Social structure, language, communal and judicial autonomy, ties of kinship and commerce within Valencia and with their coreligionists in the dar[*]al-Islam[*] —all contributed to the Mudejars' distinct religioethnic identity and to their perception of themselves as a single body united in stark cultural opposition to Christian society. Still, the body required animation and direction, a sense of purpose particularly Islamic. This was provided by the faqih s[*] . They functioned in the Mudejar social body as spiritual cadres, infusing its individual communal cells with a commitment to Islam and, by virtue of their grounding in a common intellectual tradition and world view, binding those cells together in a unity of religious purpose. As the local fonts of religious and legal knowledge, the
jurists were eminently suited for this task. By offering their legal opinions and resolving disputes on the basis of the Shariah, they ensured that it remained the lofty standard against which Mudejars evaluated their own conduct and by which they endeavored to regulate their lives.
The plea of the newly converted Moriscos in their negotiations with Carlos I in 1526 reflects the great esteem in which the faqih s[*] were held by the kingdom's Muslim populace. The Moriscos informed the king that in the days before the conversions, "when the call to prayer was made in the mosques," the Muslims of the kingdom used the rents from those properties bequeathed by the pious to the mosques to pay the salary of the faqih s, "who have consumed their whole life in studying and knowing the Moorish law and have not been concerned with other offices." The Moriscos went on to request that a portion of the rents pertaining to the new Morisco churches, formerly mosques, continue to be reserved for the support of the baptized jurists. The Morisco faqihs —and they are still referred to as alfaqins in the sixteenth-century documentation—continued throughout the sixteenth century to form the core of Morisco resistance to the official Christian program of religious and social assimilation.
The aforementioned Morisco request reveals important information about the Mudejar jurists. It is clear that they devoted their entire lives to the study of Islamic law and, presumably, of its foundations, the Qur'an[*] and the Sunnah . Because the study of the jurists ensured the continuity of Islam as a living religious and intellectual tradition, the Mudejars deemed it an essential activity, so essential that they used the pious endowments (waqf ) bequeathed by the faithful to the mosques to support the jurists. Furthermore, the jurists were supported in such a way that they would not need to bother themselves with any labor other than that properly religious and legal. It is important to note that in Islam there were neither priests nor an ecclesiastical hierarchy for whom financial support was institutionalized, as was the case with the Catholic Church. The Mudejars' support of the faqih s was made possible by the will of the community, a local adaptation to a situation in which Islam had long been deprived of public primacy.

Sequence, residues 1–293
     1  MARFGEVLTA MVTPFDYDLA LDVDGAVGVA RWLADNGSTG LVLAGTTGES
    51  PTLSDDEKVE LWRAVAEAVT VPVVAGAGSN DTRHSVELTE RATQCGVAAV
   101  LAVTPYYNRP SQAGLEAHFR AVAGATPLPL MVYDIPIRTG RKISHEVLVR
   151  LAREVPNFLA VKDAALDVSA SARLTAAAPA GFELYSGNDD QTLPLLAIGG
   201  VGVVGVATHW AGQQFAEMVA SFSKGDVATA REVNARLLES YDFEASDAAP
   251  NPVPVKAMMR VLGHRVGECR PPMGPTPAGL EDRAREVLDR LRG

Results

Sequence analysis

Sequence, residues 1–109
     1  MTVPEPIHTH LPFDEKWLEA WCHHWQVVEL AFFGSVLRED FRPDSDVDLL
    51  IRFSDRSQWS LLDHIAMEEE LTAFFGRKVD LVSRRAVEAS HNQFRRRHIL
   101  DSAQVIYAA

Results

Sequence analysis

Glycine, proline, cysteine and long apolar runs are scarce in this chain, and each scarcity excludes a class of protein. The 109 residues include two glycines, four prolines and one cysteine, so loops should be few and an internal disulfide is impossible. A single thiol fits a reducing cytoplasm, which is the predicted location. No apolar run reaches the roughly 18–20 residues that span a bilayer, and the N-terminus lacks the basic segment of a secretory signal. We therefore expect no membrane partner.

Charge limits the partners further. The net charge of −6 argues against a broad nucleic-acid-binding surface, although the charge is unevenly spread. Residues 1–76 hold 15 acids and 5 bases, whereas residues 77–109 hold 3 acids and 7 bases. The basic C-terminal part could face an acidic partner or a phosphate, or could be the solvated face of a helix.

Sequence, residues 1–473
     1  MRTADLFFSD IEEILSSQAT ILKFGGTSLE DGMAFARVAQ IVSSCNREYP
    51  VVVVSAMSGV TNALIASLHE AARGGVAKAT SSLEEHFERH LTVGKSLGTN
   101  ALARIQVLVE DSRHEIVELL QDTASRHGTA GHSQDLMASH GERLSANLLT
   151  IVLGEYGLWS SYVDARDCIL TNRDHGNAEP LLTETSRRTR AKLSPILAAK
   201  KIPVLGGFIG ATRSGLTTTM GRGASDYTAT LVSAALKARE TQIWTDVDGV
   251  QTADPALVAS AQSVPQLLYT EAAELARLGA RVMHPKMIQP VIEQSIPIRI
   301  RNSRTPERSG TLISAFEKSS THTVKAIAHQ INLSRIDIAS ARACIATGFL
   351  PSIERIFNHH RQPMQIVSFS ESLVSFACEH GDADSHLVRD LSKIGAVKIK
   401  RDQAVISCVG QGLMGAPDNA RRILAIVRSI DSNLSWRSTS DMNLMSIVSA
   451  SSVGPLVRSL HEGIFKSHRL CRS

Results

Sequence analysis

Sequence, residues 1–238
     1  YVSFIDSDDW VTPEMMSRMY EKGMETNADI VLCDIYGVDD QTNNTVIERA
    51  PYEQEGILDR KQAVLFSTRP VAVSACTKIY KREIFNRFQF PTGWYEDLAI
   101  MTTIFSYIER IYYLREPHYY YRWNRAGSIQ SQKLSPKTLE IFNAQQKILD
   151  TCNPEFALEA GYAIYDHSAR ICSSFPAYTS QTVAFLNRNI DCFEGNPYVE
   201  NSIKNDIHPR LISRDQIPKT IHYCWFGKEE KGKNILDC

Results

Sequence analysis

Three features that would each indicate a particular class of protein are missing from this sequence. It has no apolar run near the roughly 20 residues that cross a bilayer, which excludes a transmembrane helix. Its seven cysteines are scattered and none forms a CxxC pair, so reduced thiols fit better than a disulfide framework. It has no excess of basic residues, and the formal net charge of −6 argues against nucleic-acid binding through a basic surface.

Despite the faqih 's key role in the life of the Mudejar community, the documentation provides, unfortunately, very little information about him. The reason for this is that the faqih 's sphere of activity—the mosque, the madrasah , the Islamic court—was very rarely impinged on by the Christian world. Matters concerning Muslims alone and not affecting the public life of the kingdom had no importance for the king and his officials. As a result, it is the amin[*] , the fiscal and juridical intermediary between Muslim and Christian worlds, who appears most often in the
documentation. The activities of the faqih[*] held as little interest for the Christians as did the Muslims' theological views.
The primary role of the faqih was that of jurisconsult, acting either as counsellor or as arbitrator in litigations between Muslims. Ageg b. Çaat Ageg of Alcira paid 10s to the faqih of Villalonga for having counseled him in his dispute with Abraym Xativi. A faqih of Ondara traveled to Ribarroja in order to "treat with and reconcile a Moor and a Mooress, husband and wife, who wanted to separate." The faqih also taught in the local school, a task for which his years of study had well prepared him.
Also, as the Moriscos stated in 1526, the faqih s "were serving in the mosques," undoubtedly as preachers. Regarding the content of their sermons, the only information comes indirectly from the allusions made by the nobility when, in 1502, they beseeched Fernando not to convert their Muslim vassals. It seems reasonable to assert that the sermons of the jurists comprised primarily instruction in the basic tenets and precepts of Islam and positive exhortation to conduct oneself accordingly. As a consequence of their teaching, the lords stated, "among them [the Mudejars] each one defends the said sect [of Islam] and has worked and works [to the end] that the Moor may be a good Moor." More interesting is a type of sermon more negative in tone, which constituted a defense of Islam through a disparagement of Christianity. The nobles offered an illuminating explanation of why the Mudejars were "beside themselves" with fear that the Inquisition would proceed against them all: